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The primary school had this lovely Lady.
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Posted by iandeborah 23:15 Archived in Australia Comments (2)

Hopetoun


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Hopetoun here we come. We drove past the famous Lilly, Dutch windmill, near Borden.
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Morning tea stop at Jerramungup saw Ian finding a new friend.
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We see more rolling fields of green wheat & vibrant yellow canola. They do fill my heart with joy.
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We passed the Ravensthorpe silos.
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We visited Yummy Licious, Candy Shack the tallest freestanding Lollipop in the world.
https://ourgems.com.au/attraction/1654)
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We found a shop called Crazy Grannies. A fabulous shop where three crazy friends who all happened to be granny's got together & opened this gorgeous little shop. Well worth a stop. If you love patchwork quilts you will find this shop irresistible. https://ourgems.com.au/attraction/1954
Ravensthorpe is an old country town, but we didn't believe that the old thunder boxes (outdoor loos) were still being emptied. Although we did find this double thunder box. Just reminded us of emptying the caravan cassette.
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The amazingly creative Farm Gate Art Trail, Art.
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The Ravensthorpe Wild Flower Show had almost 700 species on display and was spectacular with a $5 entry fee.
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Also on display were rocks from the area which included Tourmaline & Mica of which we have recently been viewing & collecting from the Pilbara. There are gold & lithium mines in the area.
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Wednesday and it was Danish, what Danish? There it was, sitting in the display cabinet taunting us. Is that lonely Danish available?, Ian asked the local bakery shop assistant. Ian had been sent into town on a mission with Andrew to get morning tea, for Deborah specifically a Danish. The response from the bakery assistant to Ian's question was that the lone Danish was unavailable. So he bought a citrus tart which went down a treat with Deborah & Ian had a strawberry custard tart.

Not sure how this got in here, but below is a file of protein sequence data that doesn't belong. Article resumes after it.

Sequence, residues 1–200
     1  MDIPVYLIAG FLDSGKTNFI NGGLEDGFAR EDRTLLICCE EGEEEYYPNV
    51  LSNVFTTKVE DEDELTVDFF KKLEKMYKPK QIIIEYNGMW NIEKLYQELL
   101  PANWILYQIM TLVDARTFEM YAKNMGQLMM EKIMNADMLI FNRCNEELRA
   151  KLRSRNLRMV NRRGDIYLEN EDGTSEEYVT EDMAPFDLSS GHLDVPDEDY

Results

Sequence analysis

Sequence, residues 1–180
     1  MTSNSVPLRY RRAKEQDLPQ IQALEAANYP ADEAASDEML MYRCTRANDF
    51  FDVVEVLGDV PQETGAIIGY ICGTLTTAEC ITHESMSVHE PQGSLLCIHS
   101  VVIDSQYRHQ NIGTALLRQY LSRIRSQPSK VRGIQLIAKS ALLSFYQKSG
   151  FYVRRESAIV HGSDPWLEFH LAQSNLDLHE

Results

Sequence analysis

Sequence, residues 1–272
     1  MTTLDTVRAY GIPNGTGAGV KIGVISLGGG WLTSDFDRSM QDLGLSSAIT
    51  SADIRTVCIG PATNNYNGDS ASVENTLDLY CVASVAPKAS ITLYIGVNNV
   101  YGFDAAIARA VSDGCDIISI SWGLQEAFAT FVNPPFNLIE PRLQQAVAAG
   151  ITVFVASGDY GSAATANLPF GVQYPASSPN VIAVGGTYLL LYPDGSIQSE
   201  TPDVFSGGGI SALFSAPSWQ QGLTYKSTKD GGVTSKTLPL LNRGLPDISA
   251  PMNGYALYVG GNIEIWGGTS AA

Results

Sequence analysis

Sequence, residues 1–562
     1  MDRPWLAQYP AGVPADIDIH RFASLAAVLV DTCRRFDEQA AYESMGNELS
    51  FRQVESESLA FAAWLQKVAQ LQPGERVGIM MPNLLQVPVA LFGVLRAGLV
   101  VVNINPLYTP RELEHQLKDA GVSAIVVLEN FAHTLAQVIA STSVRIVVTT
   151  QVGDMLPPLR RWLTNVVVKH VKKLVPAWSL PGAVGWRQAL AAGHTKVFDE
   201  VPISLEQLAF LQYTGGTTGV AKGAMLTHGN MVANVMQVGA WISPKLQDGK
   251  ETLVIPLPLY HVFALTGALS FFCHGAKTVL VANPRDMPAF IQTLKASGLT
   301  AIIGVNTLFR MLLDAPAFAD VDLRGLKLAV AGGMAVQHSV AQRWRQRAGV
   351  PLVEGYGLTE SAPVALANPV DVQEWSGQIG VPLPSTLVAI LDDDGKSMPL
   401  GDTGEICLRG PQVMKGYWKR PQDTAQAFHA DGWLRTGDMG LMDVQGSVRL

The four intrepid travellers headed out with the picnic basket & flask. A nice drive through the Fitzgerald River National Park, in particular Hamersley Inlet, for lunch. Ian met another new friend, Margòt named Russel.
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On our way back we stopped to look for Wildflowers & Whales. The Whales were shy but the Wildflowers were happy to see us.
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By chance Andrew mentioned that there was a 48 hr rest area for self contained vehicles in Hopetoun, which is located along the Esplanade. There is a box for travellers to add receipts of purchases in town during your stay. It could be nice for a summer stopover as it's right next to the beach & a very short walk into town.
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Rather than cook we decided to walk to the pub tonight which is at the caravan park for the final meal together on this trip. It's been fun.

Posted by iandeborah 05:09 Comments (2)

Hopetoun - Stage 3 Porongorups


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Three nights stay.

The planned departure from the farm was delayed slightly after Farmer Andrew went out on his tractor to feed his cows some hay. He noticed a calf hoof exiting a cow. We took the Polaris out on a recognoita Farmer Andrew, Farmer Margòt & Deborah to find the cow & see it was okay as it was calving. About an hour & a half later, no sign of the cow, it seems she had found a hidden birthing area on the 100 acre farm.
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After a quick stop at the Mt Barker Bakery we arrived at the Porongurups Tourist Park. Needless to say we made a fire on our first night.IMG_20200912_173843419.jpg
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We took a walk to the local shop & tearooms & came back with firewood from along the road side for another fire.
We took a drive for lunch at the scenic Ironwood Winery. The views were spectacular from our socially distanced lunch spot. The blue wrens & the red firetail finches. As we looked along the fence line we saw a huge bunny on steroids hopping along.

Next stop another winery for a tasting & a cuppa. Zarephath Winery. The Monks established the winery & brand until the new owners took over 14 years ago. We enjoyed their wines and even bought some Pinot Noir which was comparable to the Devil's Corner Resolution we once tasted in Tasmania. Normally a wine we don't appreciate.
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On our last full day the three intrepid adventures set off to climb the 600 metre high Castle Rock. The ultimate destination was the Granite Skywalk. To get there. it was a steep 2.2km uphill trek. Just in over an hour after leaving the carpark we reached the lower viewing platform. Wow the views were spectacular. See Farmer Andrew who was the first to walk the Granite Skywalk.
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Andrew ready to jump with his backpack parachute on. IMG_20200913_103535181_HDR.jpg

To reach the Skywalk was a scramble up & over huge granite rocks, with steel handles bolted into them. See Ian's shoe in the bottom of the first photo.